Written by: Malcolm Lund
In June 2016, my wife Trish and I signed up for Africa Geographic’s safari to Uganda. We have traveled extensively in eastern and southern Africa, but this would be our first visit to this less-discovered jewel. We had high hopes for superb birding and some memorable great ape encounters. Uganda delivered those, and so much more…
Our safari began in Entebbe on the shore of Lake Victoria, where we found almost 70 bird species on our first day without even leaving town. Then it was off to Mabamba Swamp for our first try at that most unique and prehistoric-looking of birds, the shoebill. We had a terrific “photo shoot” with this highly sought-after Ugandan specialty, as well as many other marsh and water birds.
After a quick visit to Lake Mburo National Park to enjoy its savannah wildlife and chalk up many more bird species, we headed into the highlands of southwestern Uganda. We spent five glorious days in Bwindi Impenetrable National Park, hiking and enjoying the serene beauty and prolific birdlife of its highland forest. But the real star of the show here was an easy forest walk to visit a troop of mountain gorillas. To spend an hour in the presence of such gentle giants was not only a highlight of this trip, but of all our time in wild Africa.
We could have happily spent our entire holiday in Bwindi, but Uganda had many more secrets for us to discover. Next up was a visit to the game-rich savannahs of Queen Elizabeth National Park. Here we met the handsome Ugandan kob and the renowned tree-climbing lions of Ishasha. We also took a relaxing boat cruise along the bird-rich shores of the Kazinga Channel. Herds of water-loving elephants were entertaining, but it was the hundreds of pied kingfishers that really stole the show.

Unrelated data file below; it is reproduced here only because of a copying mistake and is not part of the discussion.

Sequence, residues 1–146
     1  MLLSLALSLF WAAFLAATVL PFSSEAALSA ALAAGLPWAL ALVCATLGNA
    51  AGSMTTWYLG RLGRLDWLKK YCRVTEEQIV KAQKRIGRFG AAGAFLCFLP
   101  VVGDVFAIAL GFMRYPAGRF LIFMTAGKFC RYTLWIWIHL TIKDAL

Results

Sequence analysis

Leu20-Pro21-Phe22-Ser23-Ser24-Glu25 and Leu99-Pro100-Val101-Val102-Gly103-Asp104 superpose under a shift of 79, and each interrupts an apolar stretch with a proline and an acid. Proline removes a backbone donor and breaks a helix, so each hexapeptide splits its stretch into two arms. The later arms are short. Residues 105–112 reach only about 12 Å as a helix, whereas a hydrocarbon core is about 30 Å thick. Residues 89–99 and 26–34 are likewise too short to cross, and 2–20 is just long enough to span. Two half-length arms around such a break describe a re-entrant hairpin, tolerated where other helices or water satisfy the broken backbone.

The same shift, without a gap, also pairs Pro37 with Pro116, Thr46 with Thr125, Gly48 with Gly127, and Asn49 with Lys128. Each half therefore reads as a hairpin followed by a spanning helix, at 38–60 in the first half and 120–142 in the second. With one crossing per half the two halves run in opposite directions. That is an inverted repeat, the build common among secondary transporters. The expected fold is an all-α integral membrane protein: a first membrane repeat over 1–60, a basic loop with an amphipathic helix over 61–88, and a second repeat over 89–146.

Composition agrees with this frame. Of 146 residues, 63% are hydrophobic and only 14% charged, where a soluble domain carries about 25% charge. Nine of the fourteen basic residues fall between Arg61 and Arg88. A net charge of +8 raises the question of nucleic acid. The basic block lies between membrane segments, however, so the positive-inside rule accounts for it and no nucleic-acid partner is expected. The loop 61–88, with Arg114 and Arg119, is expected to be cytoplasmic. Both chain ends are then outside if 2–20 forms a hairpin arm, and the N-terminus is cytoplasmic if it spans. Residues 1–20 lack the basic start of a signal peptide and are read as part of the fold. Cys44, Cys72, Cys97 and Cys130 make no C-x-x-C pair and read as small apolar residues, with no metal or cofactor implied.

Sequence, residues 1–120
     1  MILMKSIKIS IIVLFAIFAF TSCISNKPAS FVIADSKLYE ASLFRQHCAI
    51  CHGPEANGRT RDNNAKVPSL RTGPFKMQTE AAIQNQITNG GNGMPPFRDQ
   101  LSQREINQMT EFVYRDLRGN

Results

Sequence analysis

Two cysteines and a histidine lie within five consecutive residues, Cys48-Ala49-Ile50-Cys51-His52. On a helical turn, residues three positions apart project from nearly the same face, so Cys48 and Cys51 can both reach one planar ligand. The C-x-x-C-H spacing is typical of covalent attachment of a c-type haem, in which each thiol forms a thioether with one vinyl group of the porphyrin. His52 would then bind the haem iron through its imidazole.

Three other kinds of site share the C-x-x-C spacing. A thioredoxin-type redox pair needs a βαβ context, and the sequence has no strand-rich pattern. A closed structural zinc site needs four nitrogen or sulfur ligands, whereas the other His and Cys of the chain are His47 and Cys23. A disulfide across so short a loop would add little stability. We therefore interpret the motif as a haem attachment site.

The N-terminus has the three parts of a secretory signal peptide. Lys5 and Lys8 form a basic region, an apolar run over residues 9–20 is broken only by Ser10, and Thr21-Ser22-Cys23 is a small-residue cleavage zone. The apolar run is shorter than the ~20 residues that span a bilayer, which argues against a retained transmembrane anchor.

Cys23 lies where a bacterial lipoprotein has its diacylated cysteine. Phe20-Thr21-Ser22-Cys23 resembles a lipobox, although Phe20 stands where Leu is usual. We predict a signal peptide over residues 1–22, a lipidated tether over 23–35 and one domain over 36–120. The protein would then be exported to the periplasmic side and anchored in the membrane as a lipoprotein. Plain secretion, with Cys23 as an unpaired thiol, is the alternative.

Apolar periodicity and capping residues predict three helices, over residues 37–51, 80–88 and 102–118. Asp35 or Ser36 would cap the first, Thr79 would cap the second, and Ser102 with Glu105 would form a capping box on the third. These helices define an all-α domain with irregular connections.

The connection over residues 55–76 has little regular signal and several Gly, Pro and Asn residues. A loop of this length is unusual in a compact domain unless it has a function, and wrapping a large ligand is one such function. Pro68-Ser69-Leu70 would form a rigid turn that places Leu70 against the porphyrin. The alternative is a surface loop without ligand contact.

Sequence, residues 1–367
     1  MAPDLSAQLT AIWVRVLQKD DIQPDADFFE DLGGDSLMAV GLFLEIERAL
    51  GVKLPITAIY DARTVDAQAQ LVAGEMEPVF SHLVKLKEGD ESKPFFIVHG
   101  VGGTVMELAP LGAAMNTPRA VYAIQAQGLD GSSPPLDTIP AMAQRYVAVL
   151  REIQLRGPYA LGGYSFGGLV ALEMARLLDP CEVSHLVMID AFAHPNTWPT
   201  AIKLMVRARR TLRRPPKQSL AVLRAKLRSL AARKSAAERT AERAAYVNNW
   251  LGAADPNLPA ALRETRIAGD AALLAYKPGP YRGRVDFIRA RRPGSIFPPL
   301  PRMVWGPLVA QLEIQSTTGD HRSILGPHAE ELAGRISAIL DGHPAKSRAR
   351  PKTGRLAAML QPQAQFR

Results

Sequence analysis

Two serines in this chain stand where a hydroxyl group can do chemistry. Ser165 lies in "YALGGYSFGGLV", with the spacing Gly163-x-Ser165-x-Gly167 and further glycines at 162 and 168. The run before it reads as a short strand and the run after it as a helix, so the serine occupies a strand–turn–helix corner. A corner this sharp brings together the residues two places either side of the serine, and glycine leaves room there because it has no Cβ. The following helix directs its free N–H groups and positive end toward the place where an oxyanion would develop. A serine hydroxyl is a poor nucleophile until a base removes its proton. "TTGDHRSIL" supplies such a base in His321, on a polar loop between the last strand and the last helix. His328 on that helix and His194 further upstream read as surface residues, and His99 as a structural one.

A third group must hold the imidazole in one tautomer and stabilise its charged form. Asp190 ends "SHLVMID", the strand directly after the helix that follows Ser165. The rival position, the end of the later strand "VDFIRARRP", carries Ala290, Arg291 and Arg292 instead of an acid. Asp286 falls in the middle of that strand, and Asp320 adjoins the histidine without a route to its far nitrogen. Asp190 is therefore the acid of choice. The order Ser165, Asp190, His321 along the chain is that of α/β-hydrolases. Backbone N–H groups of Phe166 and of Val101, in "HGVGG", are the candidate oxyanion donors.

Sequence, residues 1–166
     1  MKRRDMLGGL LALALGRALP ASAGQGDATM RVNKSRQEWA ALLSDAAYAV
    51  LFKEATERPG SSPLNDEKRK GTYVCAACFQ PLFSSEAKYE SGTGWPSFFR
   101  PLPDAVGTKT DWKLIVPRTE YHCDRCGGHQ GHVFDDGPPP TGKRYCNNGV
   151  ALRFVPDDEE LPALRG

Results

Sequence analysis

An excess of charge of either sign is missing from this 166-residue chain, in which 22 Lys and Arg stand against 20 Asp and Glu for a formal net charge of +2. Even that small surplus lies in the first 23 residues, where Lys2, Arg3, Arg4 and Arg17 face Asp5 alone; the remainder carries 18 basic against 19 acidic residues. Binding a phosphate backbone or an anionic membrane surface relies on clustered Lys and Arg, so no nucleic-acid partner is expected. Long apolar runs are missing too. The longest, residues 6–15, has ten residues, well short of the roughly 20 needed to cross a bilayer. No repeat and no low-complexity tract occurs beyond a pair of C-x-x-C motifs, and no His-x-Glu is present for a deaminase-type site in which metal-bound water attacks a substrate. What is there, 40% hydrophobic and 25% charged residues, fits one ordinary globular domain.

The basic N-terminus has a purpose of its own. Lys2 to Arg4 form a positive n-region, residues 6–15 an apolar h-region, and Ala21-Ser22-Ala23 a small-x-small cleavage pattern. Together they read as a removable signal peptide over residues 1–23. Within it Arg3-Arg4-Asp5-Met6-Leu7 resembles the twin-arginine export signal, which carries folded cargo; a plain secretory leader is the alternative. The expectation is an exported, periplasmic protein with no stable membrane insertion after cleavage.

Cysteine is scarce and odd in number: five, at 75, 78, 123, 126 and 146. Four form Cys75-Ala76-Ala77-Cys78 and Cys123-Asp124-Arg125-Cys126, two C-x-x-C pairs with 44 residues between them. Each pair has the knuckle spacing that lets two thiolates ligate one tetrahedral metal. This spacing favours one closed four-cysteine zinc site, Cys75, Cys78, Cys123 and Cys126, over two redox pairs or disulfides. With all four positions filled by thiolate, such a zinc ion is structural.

Next up was our second great ape encounter of the tour, a morning of chimpanzee tracking in Kibale Forest. The forest walk was pleasant, and we had excellent viewing of chimps engaging in many interesting behaviours. What struck us most was how different this was from our mountain gorilla encounter. The gorillas were docile and calm, while the chimps were very vocal and constantly on the move in their forest home.
After Kibale, we got down to the serious business of Uganda birding. The lowland rainforest of the Congo Basin extends into the Albertine Rift Valley of extreme western Uganda. Two very special reserves there, Semliki and Budongo, are nirvana for serious birders. There are rewards for more casual birdwatchers, including many species of hornbills, kingfishers and bee-eaters. For hard-core twitchers, the deep forest birding is both challenging and very rewarding, with the enticing possibility of seeing birds that you will not find anywhere else in east Africa. My personal favourite was a gorgeous chocolate-backed kingfisher, which gave us a memorable show along a beautiful forest path called the Royal Mile.
Our final stop on the tour was in Murchison Falls National Park, where several compelling attractions competed for our attention. Much of the park is lovely savannah parkland dotted with Borassus palms. Huge numbers of antelopes such as Uganda kob, waterbuck, topi, hartebeest and oribi mingle with elephants, buffaloes and giraffes. And flowing dramatically through the middle of the park is the grand Victoria Nile, with its complement of hippos, crocodiles and teeming birdlife.
We couldn’t have scripted a better finish to our safari. On a Nile cruise on our final morning, we ended just as we had started: with a photoshoot of that rare, magnificent, one-of-a-kind Ugandan special, the shoebill.
Uganda proved to be much more than we imagined, with something for everyone: beautiful and diverse landscapes, very welcoming people, world-class guides, excellent game reserves, unforgettable great ape encounters, and truly outstanding birding. Even with over 440 bird species in 19 days, we were lucky not to have seen them all – because now we have a reason for a return trip to Uganda!
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